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“Someone’s sitting in the shade today because someone planted a tree a long time ago.”

— Warren Buffett

The Warren Buffett investment philosophy calls for a long-term investment horizon, where a twenty year holding period, or even longer, would fit right into the strategy. How would such a strategy have worked out for an investment into APA Corp (NASD: APA)? Today, we examine the outcome of a twenty year investment into the stock back in 2002.

Start date: 12/19/2002


End date: 12/16/2022
Start price/share: $27.14
End price/share: $43.79
Starting shares: 368.46
Ending shares: 468.35
Dividends reinvested/share: $12.77
Total return: 105.09%
Average annual return: 3.66%
Starting investment: $10,000.00
Ending investment: $20,526.25

As we can see, the twenty year investment result worked out as follows, with an annualized rate of return of 3.66%. This would have turned a $10K investment made 20 years ago into $20,526.25 today (as of 12/16/2022). On a total return basis, that’s a result of 105.09% (something to think about: how might APA shares perform over the next 20 years?). [These numbers were computed with the Dividend Channel DRIP Returns Calculator.]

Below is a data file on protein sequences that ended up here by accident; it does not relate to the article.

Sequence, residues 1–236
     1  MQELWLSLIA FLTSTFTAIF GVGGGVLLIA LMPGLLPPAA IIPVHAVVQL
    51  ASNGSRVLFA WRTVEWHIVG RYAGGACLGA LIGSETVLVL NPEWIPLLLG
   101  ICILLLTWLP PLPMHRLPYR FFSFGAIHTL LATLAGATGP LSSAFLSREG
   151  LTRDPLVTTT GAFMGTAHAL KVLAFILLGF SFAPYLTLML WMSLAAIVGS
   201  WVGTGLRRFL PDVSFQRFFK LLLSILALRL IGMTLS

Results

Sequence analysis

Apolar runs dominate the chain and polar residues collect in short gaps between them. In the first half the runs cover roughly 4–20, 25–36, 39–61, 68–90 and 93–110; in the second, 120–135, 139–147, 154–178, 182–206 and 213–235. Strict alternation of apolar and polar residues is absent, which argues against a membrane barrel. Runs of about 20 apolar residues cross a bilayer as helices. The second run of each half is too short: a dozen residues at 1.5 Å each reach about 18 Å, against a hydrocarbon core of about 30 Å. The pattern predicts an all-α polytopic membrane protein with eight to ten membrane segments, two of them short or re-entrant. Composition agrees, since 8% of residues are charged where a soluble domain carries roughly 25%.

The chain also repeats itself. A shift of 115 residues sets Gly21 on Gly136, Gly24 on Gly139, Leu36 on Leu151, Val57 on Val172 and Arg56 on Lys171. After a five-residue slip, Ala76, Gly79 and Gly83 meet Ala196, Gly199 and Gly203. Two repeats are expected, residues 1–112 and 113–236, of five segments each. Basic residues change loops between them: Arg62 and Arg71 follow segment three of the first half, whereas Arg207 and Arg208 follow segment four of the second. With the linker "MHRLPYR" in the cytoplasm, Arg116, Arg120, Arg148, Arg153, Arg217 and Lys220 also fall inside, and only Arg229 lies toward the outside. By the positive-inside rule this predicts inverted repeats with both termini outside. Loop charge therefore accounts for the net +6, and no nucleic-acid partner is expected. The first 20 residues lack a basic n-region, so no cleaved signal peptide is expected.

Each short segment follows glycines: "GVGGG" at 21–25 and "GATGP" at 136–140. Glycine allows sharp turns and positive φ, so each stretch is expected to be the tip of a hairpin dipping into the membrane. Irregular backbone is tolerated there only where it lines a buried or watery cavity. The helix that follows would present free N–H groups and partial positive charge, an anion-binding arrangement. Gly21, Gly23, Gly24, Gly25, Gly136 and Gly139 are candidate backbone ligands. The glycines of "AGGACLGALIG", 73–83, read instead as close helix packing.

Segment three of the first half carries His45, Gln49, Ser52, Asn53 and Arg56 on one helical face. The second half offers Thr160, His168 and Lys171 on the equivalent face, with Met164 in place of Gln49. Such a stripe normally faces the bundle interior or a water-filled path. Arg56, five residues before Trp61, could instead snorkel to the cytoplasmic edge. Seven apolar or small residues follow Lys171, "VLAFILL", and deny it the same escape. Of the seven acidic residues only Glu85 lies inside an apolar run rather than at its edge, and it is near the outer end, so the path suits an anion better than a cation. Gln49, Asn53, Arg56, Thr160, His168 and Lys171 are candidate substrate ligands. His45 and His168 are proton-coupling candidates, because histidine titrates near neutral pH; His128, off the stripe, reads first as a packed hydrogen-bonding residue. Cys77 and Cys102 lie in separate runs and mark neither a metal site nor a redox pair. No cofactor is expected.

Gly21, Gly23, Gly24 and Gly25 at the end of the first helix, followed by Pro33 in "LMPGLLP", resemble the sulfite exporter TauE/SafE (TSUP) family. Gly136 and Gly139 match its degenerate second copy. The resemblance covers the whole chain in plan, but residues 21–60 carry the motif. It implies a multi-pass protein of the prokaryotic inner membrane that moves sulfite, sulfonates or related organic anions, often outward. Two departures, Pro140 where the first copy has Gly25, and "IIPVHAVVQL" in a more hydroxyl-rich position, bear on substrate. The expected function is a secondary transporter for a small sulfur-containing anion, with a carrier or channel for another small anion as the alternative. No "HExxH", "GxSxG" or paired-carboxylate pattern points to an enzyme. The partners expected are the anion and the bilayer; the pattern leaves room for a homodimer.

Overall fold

Notice that APA Corp paid investors a total of $12.77/share in dividends over the 20 holding period, marking a second component of the total return beyond share price change alone. Much like watering a tree, reinvesting dividends can help an investment to grow over time — for the above calculations we assume dividend reinvestment (and for this exercise the closing price on ex-date is used for the reinvestment of a given dividend).

Based upon the most recent annualized dividend rate of 1/share, we calculate that APA has a current yield of approximately 2.28%. Another interesting datapoint we can examine is ‘yield on cost’ — in other words, we can express the current annualized dividend of 1 against the original $27.14/share purchase price. This works out to a yield on cost of 8.40%.

One more investment quote to leave you with:
“An investment in knowledge pays the best interest.” — Benjamin Franklin